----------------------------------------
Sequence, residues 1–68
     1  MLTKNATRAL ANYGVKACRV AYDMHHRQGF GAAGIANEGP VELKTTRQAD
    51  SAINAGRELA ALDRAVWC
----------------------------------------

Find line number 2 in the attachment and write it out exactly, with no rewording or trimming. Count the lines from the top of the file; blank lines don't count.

     1  MLTKNATRAL ANYGVKACRV AYDMHHRQGF GAAGIANEGP VELKTTRQAD